Although this celebrity status led to talk of a leadership role in the evangelical faction of the Church of Scotland, Chalmers was leery of fame and spoke of the “treacherous quicksand” of popularity. Instead of focusing his attention on the fashionable people who came to hear him preach, he began to concentrate on the poor. He was keenly aware that one of the most dreadful slums in Europe lay within sight of the Tron—a place called the Calton, which was a labyrinth of dilapidated tenement buildings housing 13,000 of the city’s most impoverished citizens. Chalmers believed that parish churches should be responsible for the poor within their boundaries, and so he convinced the Glasgow Council to build him a church in the very heart of the slum. He was released from his charge at the Tron on June 14, 1819, and inducted as minister of the new St. John’s Church the same day.
Calling upon his motivational and organizational skills, he assembled a dedicated squad of elders and deacons, many of them from the Tron, whose job was to visit and reclaim the destitute, teaching them the redemptive power of Christ and the power also of self-reliance. Sabbath schools were created, and two day schools were built to supply a full education to the children. The seats of the new church were soon filled with district residents brought to active Christianity at the same time that they were brought out of the trap of poverty.
The ongoing legacy of Thomas Chalmers: The Chalmers Center is a research and training organization that equips churches around the world to empower people who are poor. By changing the way churches think about poverty and training them in practical poverty alleviation tools, the Chalmers Center supports local churches as they proclaim the gospel in both word and deed. As a result, the poor experience lasting transformation, rediscovering their God-given dignity and supporting themselves and their families.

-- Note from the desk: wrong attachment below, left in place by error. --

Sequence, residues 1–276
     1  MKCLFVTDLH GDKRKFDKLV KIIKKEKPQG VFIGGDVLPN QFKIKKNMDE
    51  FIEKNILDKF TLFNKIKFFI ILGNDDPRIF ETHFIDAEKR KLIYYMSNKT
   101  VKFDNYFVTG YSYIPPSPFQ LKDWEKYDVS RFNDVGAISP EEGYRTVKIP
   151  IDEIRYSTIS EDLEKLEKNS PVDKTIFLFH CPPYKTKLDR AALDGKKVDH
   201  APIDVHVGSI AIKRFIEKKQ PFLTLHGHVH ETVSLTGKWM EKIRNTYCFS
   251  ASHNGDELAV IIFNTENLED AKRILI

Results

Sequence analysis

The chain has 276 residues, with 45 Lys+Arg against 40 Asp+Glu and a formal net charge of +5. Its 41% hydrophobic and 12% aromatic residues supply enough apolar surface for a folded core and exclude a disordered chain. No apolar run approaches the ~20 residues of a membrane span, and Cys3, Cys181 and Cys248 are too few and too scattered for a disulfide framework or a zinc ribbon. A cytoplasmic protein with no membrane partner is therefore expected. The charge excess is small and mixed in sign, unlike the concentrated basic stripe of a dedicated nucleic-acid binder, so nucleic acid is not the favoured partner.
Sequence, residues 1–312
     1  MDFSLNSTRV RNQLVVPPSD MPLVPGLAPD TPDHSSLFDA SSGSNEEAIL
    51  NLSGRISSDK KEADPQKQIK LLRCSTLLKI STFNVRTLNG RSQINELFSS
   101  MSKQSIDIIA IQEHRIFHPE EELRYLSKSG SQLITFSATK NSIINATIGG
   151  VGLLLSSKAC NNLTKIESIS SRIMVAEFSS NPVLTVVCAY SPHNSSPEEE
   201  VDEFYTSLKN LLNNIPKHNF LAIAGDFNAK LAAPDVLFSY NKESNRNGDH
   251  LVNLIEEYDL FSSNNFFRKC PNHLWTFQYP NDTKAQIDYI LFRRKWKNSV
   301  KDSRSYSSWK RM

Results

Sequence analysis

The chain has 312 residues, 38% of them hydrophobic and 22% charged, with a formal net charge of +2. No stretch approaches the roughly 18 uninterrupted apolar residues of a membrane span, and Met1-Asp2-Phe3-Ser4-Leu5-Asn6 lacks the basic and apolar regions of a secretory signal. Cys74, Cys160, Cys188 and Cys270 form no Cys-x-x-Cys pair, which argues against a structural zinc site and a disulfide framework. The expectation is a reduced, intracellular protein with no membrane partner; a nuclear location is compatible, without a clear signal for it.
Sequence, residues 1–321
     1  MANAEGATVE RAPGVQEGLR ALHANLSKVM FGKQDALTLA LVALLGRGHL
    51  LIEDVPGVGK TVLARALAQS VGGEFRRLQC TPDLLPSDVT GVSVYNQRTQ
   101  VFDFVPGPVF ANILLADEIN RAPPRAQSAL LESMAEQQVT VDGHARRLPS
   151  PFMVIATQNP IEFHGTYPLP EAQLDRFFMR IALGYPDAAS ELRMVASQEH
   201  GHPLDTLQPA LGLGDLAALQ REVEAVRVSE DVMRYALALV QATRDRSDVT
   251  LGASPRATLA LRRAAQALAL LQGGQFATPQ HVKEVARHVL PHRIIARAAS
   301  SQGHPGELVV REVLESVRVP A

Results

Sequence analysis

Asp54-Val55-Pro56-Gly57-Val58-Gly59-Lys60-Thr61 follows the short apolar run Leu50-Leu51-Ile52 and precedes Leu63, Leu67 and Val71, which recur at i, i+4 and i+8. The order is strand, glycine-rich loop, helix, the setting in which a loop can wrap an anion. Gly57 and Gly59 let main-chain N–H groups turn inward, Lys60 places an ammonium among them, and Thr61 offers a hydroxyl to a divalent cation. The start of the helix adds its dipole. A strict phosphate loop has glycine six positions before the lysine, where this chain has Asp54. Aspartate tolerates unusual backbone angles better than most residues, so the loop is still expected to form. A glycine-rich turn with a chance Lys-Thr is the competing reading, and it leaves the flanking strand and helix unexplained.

The Chalmers Institute in St Andrews, Scotland, exists to resource and equip men and women to exercise faithful biblical leadership in the church and in society.
In 1823, worn out from ceaseless toil in the parish and assured that his well-trained team could carry on his work, Chalmers left St. John’s Parish to lecture on moral philosophy at St. Andrews. There his evangelistic spirit was influential in inspiring the first generation of Church of Scotland missionaries to India. In 1828 he became professor of divinity at Edinburgh and poured his still considerable energies into lecturing, preaching, and writing. When the Church was split by the Disruption of 1843, which came about as a result of longstanding interference by the State in church matters, Chalmers became first moderator of the Free Church of Scotland.
Just four years later, at the time of the General Assembly, Dr. Chalmers was missed at the morning session, and someone was sent to his quarters to check on him. There it was found that he had “suddenly and unexpectedly slipped peacefully away.” His funeral was the largest ever seen in Edinburgh, with thousands of his fellow Scots paying their respects as the cortege took his body to its resting place in Grange Cemetery.
~ Leslie Hammond